In this paper we report the results of our first efforts to evaluate the functional significance to signaler and perceiver of variation in tail flagging (Fig. 1 and Fig. 2A-C) by California ground squirrels (Spermophilus beecheyi). We first report a series of anecdotes in which we describe the circumstances of a variety of tail movements by California ground squirrels, including the different kinds of tail flagging. Secondly and primarily we identify the information afforded by snake-elicited tail flagging. Tail flagging is a signal used by California ground squirrels primarily when they are harassing a potential snake predator (Fig. 4). It attracts other squirrels who may also begin harassing the snake. The risk to squirrels in encounters with snakes continuously varies, and the squirrels adjust their behavior accordingly. Consequently in this situation we expected to find shifts in the information afforded by different tail-flagging variants. We view the information afforded by tail movement and other signals as a consequence, not of selection for making that information available, but of the correlations resulting from situational constraints on the signaler's behavior, e.g., correlations between tail movement variation and variation in significant events. We used two complementary approaches to help determine the information afforded by tail flagging. In one, we asked whether information important to percipients is afforded by tail flagging. In the second, we searched for situational correlates of tail-flagging variants. We applied the second approach to each individual separately and to the group comprising these individuals. This allowed us to look for idiosyncrasies in signaler behavior. Although a relatively simple signal, tail flagging varies along several structural and temporal parameters. From video recordings we quantified a structural parameter- number of movement cycles in a bout of tail flagging - and two temporal parameters- rate and temporal clustering of tail flagging. Our results show that squirrels adjust their tail-flagging behavior in the following ways. 1. When a rattlesnake rattles, harassing squirrels increase the number of cycles per bout of tail flagging. 2. Lone snake-directed squirrels temporally clump their flagging bouts more than snake-directed squirrels accompanied by other snake-directed individuals. 3. The structure of flagging varied with the squirrel's behavior vis-a-vis the snake. While dealing directly with a snake, squirrels emitted relatively few 1-cycle bouts of flagging. While in the vicinity and monitoring snake-related events, but engaged primarily in other activities such as feeding or grooming, squirrels emitted relatively greater numbers of 1-cycle bouts. As one would predict from this difference, individuals were farther from the snake on the average while emitting 1-cycle bouts than while emitting 2-cycle bouts. Adults used far more 2-cycle bouts than 1, and 3 or higher. In the field, bouts of 4-cycles or greater were very rare. We found that the information afforded by a bout of tail flagging was much greater when we considered structural variation, than when we did not. For example, flaggers were more likely on the average to "pause" before than after tail flagging. However, although the same difference held for 1-cycle bouts, just the reverse was true for 3-cycle bouts, and there was little difference in the probability of pausing for 2-cycle bouts. We found similar differences for other behavioral correlates of tail flagging. A percipient could much more precisely predict a tail flagger's behavior by considering signal variation. Our results indicate a percipient can infer from a high proportion of 3-cycle bouts that the flagger is beginning an episode of snake-directed activity, whereas 1-cycle bouts indicate a temporary cessation of snake-directed behavior. We expect to find even greater situational specificity of tail flagging when we simultaneously consider multiple structural dimensions, such as axis of movement and number of cycles. When we looked at the information afforded by a bout of tail flagging separately for individual squirrels, it was clear that the specific behavioral profiles associated with different variants of tail flagging were somewhat idiosyncratic. Thus, a percipient squirrel should be able to infer more from the tail flags of a familiar squirrel than an unfamiliar squirrel. We propose that signals are used to elicit a particular kind of performance from the target(s). The effectiveness of such action depends upon a knowledge of the current status of the individual's target(s). We conclude that variation in tail flagging is constrained in at least three ways: 1) by the number and quality of targets of tail flagging (e.g., snakes, squirrels); 2) by the signaler's certainty about the status of the target(s) (by eliciting behavior in targets, tail flagging may be used in part to extract information about the target's state); and 3) by the quality and availability of feedback (the success of tail flagging is continually assessed on the basis of feedback). The understanding of the functional significance of tail flag variability therefore becomes the problem of understanding how the flagger uses signal adjustments to deal with changes in its circumstances in terms of these three general constraints.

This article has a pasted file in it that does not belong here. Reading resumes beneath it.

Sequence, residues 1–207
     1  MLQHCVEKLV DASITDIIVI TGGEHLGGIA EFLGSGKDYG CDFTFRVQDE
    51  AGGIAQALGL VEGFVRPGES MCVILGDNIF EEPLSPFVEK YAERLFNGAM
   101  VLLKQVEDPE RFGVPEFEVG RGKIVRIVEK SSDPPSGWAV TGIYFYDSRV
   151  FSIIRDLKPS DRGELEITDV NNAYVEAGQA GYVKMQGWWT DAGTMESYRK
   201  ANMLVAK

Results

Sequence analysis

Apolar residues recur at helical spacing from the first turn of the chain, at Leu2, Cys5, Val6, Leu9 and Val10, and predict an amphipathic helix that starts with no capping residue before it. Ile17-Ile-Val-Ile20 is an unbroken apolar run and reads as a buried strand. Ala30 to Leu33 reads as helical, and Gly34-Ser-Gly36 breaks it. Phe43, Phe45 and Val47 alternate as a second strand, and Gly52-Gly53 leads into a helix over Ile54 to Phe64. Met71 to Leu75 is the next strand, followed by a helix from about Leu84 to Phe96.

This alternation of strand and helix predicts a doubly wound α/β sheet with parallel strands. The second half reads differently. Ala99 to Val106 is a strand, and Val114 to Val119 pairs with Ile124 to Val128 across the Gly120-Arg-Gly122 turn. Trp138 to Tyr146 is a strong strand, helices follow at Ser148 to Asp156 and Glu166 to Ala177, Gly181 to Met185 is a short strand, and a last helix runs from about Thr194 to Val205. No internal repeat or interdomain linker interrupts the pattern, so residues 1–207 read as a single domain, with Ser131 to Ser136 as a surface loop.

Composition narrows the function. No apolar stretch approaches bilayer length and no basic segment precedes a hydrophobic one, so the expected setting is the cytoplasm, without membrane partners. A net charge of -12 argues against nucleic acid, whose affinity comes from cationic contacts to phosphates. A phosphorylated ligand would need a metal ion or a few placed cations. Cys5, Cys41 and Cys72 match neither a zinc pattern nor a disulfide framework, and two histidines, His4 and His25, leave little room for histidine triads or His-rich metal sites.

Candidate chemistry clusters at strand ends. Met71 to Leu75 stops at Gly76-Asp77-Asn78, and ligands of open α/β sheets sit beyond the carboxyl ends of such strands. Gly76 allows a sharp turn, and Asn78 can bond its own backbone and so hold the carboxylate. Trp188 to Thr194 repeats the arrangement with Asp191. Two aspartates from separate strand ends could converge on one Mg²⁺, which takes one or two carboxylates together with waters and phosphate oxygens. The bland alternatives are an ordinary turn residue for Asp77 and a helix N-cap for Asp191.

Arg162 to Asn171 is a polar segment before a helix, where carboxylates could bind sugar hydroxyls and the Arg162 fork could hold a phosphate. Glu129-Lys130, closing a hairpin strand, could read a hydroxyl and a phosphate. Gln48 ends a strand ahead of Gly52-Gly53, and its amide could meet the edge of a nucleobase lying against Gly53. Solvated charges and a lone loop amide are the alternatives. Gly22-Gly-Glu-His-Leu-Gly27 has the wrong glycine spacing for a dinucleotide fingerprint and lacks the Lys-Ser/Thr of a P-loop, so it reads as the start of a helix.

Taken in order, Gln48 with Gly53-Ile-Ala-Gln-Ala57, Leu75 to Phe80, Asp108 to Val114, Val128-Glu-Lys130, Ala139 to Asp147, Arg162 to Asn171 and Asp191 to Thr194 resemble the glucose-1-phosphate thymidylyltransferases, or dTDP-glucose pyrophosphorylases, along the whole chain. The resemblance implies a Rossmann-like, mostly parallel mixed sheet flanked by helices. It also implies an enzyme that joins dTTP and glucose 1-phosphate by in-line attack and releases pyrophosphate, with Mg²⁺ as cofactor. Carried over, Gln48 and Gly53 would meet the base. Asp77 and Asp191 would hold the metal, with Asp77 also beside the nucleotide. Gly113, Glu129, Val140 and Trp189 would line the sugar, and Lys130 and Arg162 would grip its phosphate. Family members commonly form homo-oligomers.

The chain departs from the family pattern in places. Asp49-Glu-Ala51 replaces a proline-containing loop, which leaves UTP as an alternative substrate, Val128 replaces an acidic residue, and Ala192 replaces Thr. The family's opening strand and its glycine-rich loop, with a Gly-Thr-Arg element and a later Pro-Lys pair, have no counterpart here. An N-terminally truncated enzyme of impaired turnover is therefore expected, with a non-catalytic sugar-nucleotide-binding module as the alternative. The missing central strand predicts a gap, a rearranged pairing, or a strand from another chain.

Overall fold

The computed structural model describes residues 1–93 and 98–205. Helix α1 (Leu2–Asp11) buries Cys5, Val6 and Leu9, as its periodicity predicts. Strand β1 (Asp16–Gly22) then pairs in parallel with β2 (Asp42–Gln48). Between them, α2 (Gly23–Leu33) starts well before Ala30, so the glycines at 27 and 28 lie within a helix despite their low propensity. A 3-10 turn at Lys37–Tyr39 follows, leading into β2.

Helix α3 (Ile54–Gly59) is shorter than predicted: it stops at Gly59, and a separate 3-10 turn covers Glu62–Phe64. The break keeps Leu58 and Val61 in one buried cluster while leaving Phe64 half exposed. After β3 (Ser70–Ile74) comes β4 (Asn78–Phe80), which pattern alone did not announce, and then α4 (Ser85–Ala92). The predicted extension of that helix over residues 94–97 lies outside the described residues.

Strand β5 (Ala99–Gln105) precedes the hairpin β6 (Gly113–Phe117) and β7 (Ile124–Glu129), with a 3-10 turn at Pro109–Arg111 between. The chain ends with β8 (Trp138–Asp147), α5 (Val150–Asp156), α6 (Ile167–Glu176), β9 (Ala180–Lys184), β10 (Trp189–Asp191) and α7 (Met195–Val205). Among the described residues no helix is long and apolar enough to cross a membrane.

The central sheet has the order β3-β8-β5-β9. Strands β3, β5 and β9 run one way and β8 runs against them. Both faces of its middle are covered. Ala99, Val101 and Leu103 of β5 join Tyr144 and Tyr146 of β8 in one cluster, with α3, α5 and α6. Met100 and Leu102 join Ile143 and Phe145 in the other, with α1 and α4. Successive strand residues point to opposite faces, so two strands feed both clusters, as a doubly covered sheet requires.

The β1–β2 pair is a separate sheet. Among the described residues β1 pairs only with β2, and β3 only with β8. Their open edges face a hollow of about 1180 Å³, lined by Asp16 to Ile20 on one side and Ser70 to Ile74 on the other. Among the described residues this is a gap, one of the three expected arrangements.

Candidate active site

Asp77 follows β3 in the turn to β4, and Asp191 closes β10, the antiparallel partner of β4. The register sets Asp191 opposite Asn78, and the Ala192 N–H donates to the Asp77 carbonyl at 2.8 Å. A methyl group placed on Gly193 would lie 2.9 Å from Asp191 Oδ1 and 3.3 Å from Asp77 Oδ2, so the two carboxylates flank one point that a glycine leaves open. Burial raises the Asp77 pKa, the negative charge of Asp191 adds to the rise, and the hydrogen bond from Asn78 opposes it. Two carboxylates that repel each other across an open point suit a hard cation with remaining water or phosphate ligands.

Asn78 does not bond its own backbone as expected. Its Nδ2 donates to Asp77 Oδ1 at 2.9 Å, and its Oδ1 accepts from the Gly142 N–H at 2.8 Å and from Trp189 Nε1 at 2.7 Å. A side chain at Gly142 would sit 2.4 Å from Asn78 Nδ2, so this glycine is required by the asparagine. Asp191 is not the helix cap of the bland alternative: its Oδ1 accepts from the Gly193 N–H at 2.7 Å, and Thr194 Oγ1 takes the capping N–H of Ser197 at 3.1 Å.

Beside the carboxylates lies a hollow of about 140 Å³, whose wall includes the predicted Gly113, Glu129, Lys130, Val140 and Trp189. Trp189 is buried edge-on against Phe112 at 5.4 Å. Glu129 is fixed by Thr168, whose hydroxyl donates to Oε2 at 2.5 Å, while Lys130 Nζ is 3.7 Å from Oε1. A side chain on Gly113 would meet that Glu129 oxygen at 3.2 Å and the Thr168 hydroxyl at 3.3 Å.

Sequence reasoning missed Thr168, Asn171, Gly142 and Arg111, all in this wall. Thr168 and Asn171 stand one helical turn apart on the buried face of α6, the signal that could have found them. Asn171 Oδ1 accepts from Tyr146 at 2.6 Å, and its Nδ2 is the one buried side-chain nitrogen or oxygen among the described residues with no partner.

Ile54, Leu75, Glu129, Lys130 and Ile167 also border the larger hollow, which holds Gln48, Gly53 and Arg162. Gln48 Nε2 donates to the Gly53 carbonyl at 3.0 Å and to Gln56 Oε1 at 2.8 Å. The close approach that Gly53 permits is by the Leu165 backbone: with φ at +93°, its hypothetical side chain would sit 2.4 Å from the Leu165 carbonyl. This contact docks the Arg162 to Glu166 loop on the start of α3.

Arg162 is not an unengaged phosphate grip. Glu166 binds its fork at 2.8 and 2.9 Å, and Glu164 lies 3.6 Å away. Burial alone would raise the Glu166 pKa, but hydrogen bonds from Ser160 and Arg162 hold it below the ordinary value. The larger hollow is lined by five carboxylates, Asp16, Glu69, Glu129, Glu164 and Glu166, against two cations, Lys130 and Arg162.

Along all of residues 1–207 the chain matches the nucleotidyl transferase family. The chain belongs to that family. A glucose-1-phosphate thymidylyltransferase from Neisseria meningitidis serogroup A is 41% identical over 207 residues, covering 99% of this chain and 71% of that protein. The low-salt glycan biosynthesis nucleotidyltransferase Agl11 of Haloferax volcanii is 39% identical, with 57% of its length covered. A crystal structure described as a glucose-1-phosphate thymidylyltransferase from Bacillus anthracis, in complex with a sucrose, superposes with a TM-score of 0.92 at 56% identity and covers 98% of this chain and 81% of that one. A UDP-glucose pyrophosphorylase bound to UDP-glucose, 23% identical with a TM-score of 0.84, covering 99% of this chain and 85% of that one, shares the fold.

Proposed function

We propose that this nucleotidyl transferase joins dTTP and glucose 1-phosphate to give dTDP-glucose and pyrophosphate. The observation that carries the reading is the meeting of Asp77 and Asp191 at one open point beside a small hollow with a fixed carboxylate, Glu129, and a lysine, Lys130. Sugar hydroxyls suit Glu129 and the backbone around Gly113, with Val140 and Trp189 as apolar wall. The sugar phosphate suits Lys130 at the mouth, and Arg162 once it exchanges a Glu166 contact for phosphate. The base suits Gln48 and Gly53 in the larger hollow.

In: Behaviour